Question: I can’t resolve a question I have about breaking the ZLB with electronic money, and it’s driving me nuts.
I re-read a couple of your posts that mention a kind of ‘first-mover’ advantage in breaking the zero lower bound: not only does a first-mover get the usual stimulus from lowering the interest rate, but the fact that it is the only country in the world that can offer such a low interest rate is likely to boost demand further.
I’m struggling with the effect on the supply of loanable funds within the first-moving country. Essentially, as the central bank lowers the interest rate, and economy-wide interest rates fall, won’t some investors begin to look abroad for better risk-reward alternatives? I know that it’s not costless or riskless to transfer to a different currency, but it seems that the central bank’s effectiveness in unilaterally changing interest rates would be hampered by the existence of outside options: either some interest rates will remain high or some agents will begin to 'cash out,’ if you’ll pardon the pun, and move their money abroad.
I hope it’s clear what I’m trying to ask. Would you help me figure out what I’m missing?
Answer: Great question. I am using logic from Mankiw’s textbook treatment of international finance, which I lay out in my post “International Finance: A Primer.”
Basically, when people start investing abroad because rates of return are higher abroad, that is a capital outflow, and that is why exports go up. Capital outflows put domestic currency in the hands of those abroad. They don’t really want it, so exchange rates adjust until that currency (whether physical or virtual) makes its way back to its home country to buy exports. “Moving money abroad” is a stimulus to exports, because goods follow money.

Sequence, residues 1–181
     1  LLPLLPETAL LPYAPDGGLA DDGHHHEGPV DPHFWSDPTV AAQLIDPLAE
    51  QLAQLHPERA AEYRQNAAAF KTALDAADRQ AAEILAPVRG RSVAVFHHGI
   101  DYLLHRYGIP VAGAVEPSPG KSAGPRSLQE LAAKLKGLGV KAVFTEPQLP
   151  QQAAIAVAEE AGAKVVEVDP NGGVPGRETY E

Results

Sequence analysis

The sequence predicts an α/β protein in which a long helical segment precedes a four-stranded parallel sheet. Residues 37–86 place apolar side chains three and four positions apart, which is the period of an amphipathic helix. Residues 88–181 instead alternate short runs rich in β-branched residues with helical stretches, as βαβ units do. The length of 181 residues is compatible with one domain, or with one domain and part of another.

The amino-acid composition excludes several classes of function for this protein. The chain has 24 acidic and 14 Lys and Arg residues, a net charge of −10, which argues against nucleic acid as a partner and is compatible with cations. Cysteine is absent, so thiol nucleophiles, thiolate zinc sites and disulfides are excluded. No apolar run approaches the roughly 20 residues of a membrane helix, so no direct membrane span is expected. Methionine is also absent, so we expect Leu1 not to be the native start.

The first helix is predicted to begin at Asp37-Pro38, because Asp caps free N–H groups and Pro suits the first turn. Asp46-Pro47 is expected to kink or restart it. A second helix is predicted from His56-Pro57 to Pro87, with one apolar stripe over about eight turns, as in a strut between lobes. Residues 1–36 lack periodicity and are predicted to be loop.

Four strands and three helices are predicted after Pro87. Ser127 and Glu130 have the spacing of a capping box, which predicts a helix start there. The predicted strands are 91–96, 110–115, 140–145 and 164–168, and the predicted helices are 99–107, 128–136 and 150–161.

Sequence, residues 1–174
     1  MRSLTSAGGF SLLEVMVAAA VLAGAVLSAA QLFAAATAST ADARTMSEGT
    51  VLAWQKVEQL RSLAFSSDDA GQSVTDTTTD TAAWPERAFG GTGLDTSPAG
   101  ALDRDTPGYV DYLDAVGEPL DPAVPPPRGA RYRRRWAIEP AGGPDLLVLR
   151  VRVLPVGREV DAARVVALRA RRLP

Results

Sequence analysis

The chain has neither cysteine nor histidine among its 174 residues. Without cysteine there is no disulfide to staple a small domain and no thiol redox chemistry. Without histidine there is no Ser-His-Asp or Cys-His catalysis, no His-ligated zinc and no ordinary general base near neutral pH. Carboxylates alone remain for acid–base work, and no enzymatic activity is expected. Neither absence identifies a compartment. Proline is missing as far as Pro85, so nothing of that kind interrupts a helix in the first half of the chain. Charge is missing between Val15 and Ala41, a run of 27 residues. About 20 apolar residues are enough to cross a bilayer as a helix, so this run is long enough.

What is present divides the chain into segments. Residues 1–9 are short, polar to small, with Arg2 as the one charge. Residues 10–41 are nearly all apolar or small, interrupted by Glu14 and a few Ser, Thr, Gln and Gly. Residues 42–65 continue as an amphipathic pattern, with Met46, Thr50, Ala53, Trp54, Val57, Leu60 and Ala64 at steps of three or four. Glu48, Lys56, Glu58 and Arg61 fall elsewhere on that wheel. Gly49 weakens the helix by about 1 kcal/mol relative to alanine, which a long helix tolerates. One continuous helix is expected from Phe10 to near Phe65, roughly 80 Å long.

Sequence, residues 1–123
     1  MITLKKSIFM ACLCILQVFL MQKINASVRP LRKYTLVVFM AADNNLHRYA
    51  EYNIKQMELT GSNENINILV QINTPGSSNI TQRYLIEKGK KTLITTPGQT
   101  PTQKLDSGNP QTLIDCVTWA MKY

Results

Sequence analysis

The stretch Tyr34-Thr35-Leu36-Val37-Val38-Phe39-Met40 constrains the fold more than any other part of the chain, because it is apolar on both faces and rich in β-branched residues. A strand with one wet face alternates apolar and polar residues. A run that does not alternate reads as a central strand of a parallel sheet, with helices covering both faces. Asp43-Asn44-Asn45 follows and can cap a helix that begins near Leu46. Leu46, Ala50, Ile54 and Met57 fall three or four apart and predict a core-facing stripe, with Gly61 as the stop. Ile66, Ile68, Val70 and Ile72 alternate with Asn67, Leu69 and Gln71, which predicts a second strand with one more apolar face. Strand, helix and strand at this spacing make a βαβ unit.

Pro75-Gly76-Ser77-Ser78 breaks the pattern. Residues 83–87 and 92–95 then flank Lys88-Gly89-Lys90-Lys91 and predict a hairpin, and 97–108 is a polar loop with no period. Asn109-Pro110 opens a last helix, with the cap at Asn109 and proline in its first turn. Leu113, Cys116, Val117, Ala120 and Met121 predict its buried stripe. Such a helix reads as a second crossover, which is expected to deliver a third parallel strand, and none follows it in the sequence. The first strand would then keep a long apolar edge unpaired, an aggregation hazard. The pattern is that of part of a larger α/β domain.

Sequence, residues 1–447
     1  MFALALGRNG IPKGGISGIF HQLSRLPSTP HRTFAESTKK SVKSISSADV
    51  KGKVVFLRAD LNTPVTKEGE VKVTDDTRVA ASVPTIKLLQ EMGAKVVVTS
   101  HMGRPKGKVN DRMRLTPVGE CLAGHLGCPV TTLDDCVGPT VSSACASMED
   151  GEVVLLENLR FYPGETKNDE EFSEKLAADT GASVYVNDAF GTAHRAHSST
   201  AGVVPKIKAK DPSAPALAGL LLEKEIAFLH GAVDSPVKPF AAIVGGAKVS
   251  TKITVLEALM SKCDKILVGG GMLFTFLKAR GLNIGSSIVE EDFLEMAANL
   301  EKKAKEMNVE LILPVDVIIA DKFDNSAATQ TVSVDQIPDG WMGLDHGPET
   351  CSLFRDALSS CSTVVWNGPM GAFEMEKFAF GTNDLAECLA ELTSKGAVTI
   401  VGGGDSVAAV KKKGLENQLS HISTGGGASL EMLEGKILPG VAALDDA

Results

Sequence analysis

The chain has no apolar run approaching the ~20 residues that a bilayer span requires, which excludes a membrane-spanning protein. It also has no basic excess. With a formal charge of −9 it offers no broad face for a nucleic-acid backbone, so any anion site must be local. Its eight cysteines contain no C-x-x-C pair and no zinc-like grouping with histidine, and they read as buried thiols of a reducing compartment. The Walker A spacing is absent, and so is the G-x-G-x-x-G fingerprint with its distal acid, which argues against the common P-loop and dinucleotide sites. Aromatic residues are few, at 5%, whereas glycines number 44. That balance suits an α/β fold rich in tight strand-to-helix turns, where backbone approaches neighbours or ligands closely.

The only way an outside option would cause trouble is if firms starting setting prices and wages in a foreign currency. It is crucial that sticky prices and/or wages (or at least most of them) be set in terms of the electronic dollar (or whatever the domestic electronic currency unit is called).
In my electronic money seminar, I make the point that, when they occur, negative interest rates on paper currency are not meant to disadvantage paper currency. What those negative interest rates on paper currency do is make it so there is nowhere to hide from the negative interest rates except by spending the money. You can send your own funds abroad, but then the person who took your dollars in exchange for their own currency now can’t hide from the negative interest rates except by spending the dollars. In that situation, by sending dollars abroad, you haven’t eliminated the hot potato of dollars earning a negative interest rate from the world, you have only made it someone else’s problem. The only escape from those negative interest rates is to spend the money, so someone–you or someone further down the chain–will be driven to spend it.
Follow-up Question: Ok. In other words, this kind of behavior (bailing on the domestic currency) will just lead the exchange rate to adjust until some form of interest rate parity is achieved again. Is that the right?
Answer: No. There might continue to be an interest rate difference. But the international flow of funds to the higher interest rate stimulates exports through its effect on the exchange rate.